1) Persistent heart rate changes usually signals cardiovascular disease 2) Tachycardia is a condition where the heart beats too rapidly, usually 100 beats per minute (High body temp, stress, heart disease) 3) Bradycardia is a slowness of heart beats, usually under 60 beats per minute (Low body temp, drugs, or parasympathetic activity) 4) Fibrillation is when the heart beats too raped and uncoordinated 5) First degree heart block is when the atrial impulse takes longer than usual to reach ventricles

Coronary Circulation

1) Coronary circulation is blood supply to the heart (Heart is a very active muscle and needs lots of O2) 2) When the heart relaxes high pressure of blood in aorta pushes blood into coronary vessels

Coronary Arteries

1) Branches off aorta above aortic semilunar valve (Both carry blood to the myocardial arteries) 2) Left coronary artery (Supplies left atrium and left ventricle, Anterior interventricular artery supplies both ventricles) 3) Right coronary artery (Supplies right ventricle, Posterior interventricular artery supplies both ventricles)

Coronary Veins

1) Collects wastes from cardiac muscle 2) Drains into a large sinus on posterior surface of heart called the coronary sinus 3) Coronary sinus empties into right atrium

Conduction System of the Heart

1) Autorhythmic Cells (Cells fire spontaneously, act as pacemaker and form conduction system for the heart) 2) Sinoatrial or SA mode (Cluster of cells in wall of right atria, Begins heart activity that spreads to both atria, Excitation spreads to AV node) 3) Atrioventricular or AV mode (In atrial septum, transmits signal to bundle of His) 4) AV bundle of His (The connection between atria and ventricles (found in interventricular septum, Divides into bundle branches & purkinje fibers, large diameter fibers conduct signals quickly)

Rhythm of Conduction System

1) Timing is such that the atrium both contract at once and then the ventricles both contract

Cardiac Cycle

1) One complete heartbeat 2) At 75 beats/min, once cycle requires 0.8 sec. (Systol/ contraction and diastol/relaxation of both atria, plus the systol and diastol of both ventricles) 3) End diastolic volume (EDV) (Volume in resting ventricle at end of diastole, about 130ml) 4) End systolic volume (ESV) (Volume in contracting ventricle at end of systole, about 60ml) 5) Stroke volume (SV) (The volume ejected per beat from each ventricle, about 70ml, SV=EDV-ESV)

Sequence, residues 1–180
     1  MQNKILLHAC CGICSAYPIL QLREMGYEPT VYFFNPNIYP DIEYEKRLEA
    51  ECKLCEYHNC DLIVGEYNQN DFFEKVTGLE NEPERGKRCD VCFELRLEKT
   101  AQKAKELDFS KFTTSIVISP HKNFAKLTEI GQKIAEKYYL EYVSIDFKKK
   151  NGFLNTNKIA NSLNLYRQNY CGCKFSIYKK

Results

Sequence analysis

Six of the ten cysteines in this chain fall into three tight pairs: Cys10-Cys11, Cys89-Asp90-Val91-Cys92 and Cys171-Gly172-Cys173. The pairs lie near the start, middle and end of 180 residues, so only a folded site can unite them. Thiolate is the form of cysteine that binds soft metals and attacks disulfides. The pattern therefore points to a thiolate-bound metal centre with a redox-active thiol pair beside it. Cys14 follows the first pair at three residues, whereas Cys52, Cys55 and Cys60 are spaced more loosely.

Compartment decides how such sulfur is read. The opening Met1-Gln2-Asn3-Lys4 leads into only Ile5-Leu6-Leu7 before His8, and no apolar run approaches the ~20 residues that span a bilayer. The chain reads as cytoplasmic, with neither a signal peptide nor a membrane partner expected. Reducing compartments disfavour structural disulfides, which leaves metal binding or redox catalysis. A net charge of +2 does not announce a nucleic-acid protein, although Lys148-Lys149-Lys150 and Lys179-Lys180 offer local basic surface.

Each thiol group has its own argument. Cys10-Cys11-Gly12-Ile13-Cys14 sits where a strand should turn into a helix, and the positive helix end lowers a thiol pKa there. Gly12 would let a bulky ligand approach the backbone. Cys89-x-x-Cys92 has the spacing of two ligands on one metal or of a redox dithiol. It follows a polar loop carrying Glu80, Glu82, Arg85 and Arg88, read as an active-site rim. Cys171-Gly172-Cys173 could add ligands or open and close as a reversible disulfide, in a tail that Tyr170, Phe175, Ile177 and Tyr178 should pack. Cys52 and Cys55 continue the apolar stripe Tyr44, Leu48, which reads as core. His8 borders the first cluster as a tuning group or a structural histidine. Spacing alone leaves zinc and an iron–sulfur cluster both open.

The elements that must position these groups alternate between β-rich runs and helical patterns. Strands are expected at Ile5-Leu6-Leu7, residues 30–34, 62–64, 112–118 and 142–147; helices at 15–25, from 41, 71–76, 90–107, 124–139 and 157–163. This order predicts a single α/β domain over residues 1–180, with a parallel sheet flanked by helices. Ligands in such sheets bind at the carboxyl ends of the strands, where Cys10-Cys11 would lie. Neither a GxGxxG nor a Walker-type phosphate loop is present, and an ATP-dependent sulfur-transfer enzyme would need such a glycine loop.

Cardiac Output

Amount of blood pushed into aorta or pulmonary trunk by ventricle: 1) At 70ml stroke volume & 75 beat/min---5 and 1/4 liters/min 2) Entire blood supply passes through circulatory system every minute

Regulation of Heartrate

1) Nervous control from the cardiovascular center in the medulla (Sympathetic impulses such as fright or anxiety increase heart rate and force of contraction, Parasympathetic impulses decrease heart rate, Baroreceptors or pressure receptors detect change in blood pressure and send info to the cardiovascular center, Located in the arch of the aorta and carotid arteries) 2) Heart rate is also affected by hormones (Epinephrine, norepinephrine, thyroid hormones, Ions:Na+, K+, Ca2+, Age, gender, physical fitness, and temperature)

Electrocardiogram EKG or ECG

1) EKG- action potentials of all active cells can be detected and recorded 2) P wave- Atrial depolarization 3) P to Q interval- Conduction time from atrial to ventricular excitation 4) T wave- ventricular repolarization

Risk factors in heart disease

1) Risk factors in heart disease: High blood cholesterol level (High blood pressure, Cigarette smoking, Obesity & lack of regular exercise) 2) Other factors include: Diabetes mellitus, genetic predisposition, male gender, high blood levels of fibrinogen, left ventricular hypertrophy

Plasma Lipids and Heart Disease

1) Risk factor for developing heart disease is high blood cholesterol level (Promotes growth of fatty plaques, Most lipids are transported as lipoproteins such as low-density lipoproteins, high-density lipoproteins, very low-density lipoproteins, HDLs remove excess cholesterol from circulation, LDLs are associated with the formation of fatty placques, VLDLs contribute to increased fatty plaque formation) 2) There are two sources of cholesterol in the body (In foods we ingest & formed by liver)

Exercise and the heart

1) Sustained exercise increases oxygen demand in muscles 2) Benefits of aerobic exercise (any activity that works large body muscles for at least 20 minutes, preferebly 3-5 times per week) are: (Increased cardiac output, Increased HDL and decreased triglycerides, Improved lung function, Decreased blood pressure, Weight control)

Developmental Anatomy of the Heart

1) The heart develops from mesoderm before the end of the third week of gestation 2) The tubes develop into the four-chambered heart and great vessels of the heart

Coronary Artery Disease

1) Heart muscle receiving insufficiant blood supply (Narrowing of vessels- atherosclerosis, artery spasm or clot, Atherosclerosis- smooth muscle & fatty deposits in walls of arteries) 2) Treatment: Drugs, bypass graft, angioplasty, stent

Clinical Problems

1) MI= myocardial infarction (Death of area of heart muscle from lack of O2, Replaced with scar tissue, Results depend on size & location of damage) 2) Blood clot (use clot dissolving drugs streptokinase or t-PA & heparin, Balloon angioplasty) 3) Angina pectoris- heart pain caused by lack of blood delivery to heart (Causes ischemia or lack of O2 in cardiac muscle)